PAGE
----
Adaptation of the award-winning comic series created by Frank Miller. Interweaving multiple storylines from the series' history, the film paints a picture of the ultimate town through the eyes of its roughest characters. There's the street thug Marv (Mickey Rourke), whose desperate quest to find the killer of a prostitute named Goldie (Jaime King) will lead him to the foulest edges of town. Inhabiting many of those areas is Dwight (Clive Owen), a photographer in league with the sordid ladies of Sin City, headed by Gail (Rosario Dawson), who opens up a mess of trouble after tangling with a corrupt cop by the name of Jackie Boy (Benicio Del Toro). Finally, there's Hartigan (Bruce Willis), an ex-cop with a heart problem who's hell-bent on protecting a stripper named Nancy (Jessica Alba).
Brutal and breathtaking, Sin City
is Robert Rodriguez's stunningly realized vision of Frank Miller's pulpy comic books. In the first of three separate but loosely related stories, Marv (Mickey Rourke in heavy makeup) tries to track down the killers of a woman who ended up dead in his bed. In the second story, Dwight's (Clive Owen) attempt to defend a woman from a brutal abuser goes horribly wrong, and threatens to destroy the uneasy truce among the police, the mob, and the women of Old Town. Finally, an aging cop on his last day on the job (Bruce Willis) rescues a young girl from a kidnapper, but is himself thrown in jail. Years later, he has a chance to save her again.
Based on three of Miller's immensely popular and immensely gritty books (The Hard Goodbye, The Big Fat Kill, and That Yellow Bastard), Sin City is unquestionably the most faithful comic-book-based movie ever made. Each shot looks like a panel from its source material, and director Rodriguez (who refers to it as a "translation" rather than an adaptation) resigned from the Directors Guild so that Miller could share a directing credit. Like the books, it's almost entirely in stark black and white with some occasional bursts of color (a woman's red lips, a villain's yellow face). The backgrounds are entirely digitally generated, yet not self-consciously so, and perfectly capture Miller's gritty cityscape. And though most of Miller's copious nudity is absent, the violence is unrelentingly present. That may be the biggest obstacle to viewers who aren't already fans of the books and who may have been turned off by Kill Bill (whose director, Quentin Tarantino, helmed one scene of Sin City). In addition, it's a bleak, desperate world in which the heroes are killers, corruption rules, and the women are almost all prostitutes or strippers. But Miller's stories are riveting, and the huge cast--which also includes Jessica Alba, Jaime King, Brittany Murphy, Rosario Dawson, Benicio Del Toro, Elijah Wood, Nick Stahl, Michael Clarke Duncan, Devin Aoki, Carla Gugino, and Josh Hartnett--is just about perfect. (Only Bruce Willis and Michael Madsen, while very well-suited to their roles, seem hard to separate from their established screen personas.) In what Rodriguez hopes is the first of a series, Sin City is a spectacular achievement. --David Horiuchi, Amazon.com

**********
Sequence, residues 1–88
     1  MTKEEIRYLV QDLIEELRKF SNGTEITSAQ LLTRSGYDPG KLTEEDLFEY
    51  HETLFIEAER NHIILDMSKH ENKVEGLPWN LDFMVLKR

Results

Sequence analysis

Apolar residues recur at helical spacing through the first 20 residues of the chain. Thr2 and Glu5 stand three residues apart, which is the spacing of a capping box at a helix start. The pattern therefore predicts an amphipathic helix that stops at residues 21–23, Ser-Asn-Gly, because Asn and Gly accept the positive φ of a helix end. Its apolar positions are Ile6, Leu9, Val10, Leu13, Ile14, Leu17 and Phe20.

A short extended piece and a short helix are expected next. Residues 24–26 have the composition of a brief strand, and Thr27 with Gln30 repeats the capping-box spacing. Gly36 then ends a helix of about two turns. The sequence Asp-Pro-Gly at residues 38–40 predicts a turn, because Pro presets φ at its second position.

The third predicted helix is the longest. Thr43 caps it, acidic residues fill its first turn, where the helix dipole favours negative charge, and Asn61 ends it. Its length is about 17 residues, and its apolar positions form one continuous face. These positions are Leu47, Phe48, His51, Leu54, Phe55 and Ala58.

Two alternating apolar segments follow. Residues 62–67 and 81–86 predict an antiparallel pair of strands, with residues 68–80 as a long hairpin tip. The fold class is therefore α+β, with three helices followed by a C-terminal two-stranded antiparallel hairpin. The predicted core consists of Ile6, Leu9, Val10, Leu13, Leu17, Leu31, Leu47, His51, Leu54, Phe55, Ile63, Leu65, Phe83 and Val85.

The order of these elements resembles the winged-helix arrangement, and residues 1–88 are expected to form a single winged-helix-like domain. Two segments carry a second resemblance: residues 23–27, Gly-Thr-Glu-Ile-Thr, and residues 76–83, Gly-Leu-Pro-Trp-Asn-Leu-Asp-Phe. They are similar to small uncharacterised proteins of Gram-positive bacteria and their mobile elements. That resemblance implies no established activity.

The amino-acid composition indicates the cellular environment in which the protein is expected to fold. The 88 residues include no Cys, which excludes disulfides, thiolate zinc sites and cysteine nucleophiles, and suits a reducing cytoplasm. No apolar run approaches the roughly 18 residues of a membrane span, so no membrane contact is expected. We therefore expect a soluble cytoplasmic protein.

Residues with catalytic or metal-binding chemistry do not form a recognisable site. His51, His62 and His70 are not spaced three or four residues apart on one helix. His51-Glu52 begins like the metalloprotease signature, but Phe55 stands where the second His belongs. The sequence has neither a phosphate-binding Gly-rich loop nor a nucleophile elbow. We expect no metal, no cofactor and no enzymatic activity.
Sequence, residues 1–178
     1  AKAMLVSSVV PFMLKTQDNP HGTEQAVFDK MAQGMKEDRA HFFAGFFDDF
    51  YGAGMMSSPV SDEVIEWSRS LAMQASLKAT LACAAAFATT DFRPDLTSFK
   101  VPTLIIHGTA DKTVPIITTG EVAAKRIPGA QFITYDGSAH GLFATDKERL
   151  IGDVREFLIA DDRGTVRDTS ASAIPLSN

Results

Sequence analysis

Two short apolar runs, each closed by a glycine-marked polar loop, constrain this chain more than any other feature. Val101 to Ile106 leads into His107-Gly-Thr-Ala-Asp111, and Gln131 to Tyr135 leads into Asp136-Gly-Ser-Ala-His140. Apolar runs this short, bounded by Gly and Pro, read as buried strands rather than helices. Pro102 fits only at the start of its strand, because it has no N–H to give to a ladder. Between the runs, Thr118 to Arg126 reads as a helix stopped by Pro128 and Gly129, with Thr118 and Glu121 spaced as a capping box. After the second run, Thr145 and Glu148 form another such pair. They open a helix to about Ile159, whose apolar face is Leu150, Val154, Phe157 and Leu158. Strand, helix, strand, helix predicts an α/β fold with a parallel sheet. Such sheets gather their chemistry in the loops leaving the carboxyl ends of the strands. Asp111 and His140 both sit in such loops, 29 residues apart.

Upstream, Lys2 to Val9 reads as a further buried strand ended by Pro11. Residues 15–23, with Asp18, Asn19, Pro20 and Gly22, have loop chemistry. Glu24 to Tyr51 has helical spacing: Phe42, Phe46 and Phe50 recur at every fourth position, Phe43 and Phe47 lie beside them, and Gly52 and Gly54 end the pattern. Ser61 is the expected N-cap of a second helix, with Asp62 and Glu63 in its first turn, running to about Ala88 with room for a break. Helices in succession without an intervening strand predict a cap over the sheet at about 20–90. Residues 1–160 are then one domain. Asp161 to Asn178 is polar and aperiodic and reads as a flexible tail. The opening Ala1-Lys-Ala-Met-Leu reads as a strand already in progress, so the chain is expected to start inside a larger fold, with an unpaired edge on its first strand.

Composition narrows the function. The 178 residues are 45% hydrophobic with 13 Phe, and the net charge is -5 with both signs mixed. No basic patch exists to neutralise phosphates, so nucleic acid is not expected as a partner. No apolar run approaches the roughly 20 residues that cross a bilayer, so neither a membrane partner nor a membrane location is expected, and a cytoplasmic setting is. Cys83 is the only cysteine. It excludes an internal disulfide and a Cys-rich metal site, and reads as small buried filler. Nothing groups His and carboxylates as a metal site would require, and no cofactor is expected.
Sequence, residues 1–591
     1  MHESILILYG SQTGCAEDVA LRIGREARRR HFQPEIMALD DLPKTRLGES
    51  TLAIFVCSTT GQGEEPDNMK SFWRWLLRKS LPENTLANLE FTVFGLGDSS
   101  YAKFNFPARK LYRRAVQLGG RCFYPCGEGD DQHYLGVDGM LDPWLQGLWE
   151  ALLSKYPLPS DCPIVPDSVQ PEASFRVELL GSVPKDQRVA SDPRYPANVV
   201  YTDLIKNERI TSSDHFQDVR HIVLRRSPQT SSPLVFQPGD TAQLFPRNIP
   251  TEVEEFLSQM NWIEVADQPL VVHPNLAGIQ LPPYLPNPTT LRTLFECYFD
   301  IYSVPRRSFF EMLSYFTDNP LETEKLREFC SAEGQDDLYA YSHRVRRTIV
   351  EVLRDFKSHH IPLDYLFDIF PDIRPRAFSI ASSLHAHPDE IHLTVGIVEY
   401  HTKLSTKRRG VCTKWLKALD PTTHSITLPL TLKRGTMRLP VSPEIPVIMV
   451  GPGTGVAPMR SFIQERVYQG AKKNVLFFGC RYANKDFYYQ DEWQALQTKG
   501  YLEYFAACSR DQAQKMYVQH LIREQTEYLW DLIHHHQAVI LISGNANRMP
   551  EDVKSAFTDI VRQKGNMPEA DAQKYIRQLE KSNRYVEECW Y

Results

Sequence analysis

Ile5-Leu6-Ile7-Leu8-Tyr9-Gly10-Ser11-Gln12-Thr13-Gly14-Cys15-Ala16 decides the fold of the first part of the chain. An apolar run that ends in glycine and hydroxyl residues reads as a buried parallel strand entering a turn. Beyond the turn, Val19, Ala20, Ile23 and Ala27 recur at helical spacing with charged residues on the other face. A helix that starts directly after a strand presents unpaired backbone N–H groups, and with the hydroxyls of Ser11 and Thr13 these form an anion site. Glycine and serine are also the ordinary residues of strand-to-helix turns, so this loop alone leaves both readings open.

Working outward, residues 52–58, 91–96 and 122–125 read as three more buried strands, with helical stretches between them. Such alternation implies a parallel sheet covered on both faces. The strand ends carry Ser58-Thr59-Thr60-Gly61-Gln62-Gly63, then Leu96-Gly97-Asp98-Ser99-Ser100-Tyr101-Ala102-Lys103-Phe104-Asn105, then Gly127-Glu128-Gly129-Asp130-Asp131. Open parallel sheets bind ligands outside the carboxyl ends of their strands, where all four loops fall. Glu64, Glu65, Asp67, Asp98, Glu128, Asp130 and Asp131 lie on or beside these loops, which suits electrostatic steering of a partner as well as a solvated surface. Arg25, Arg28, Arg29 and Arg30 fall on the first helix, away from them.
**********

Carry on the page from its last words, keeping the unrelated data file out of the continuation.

--This text refers to an out of print or unavailable edition of this title.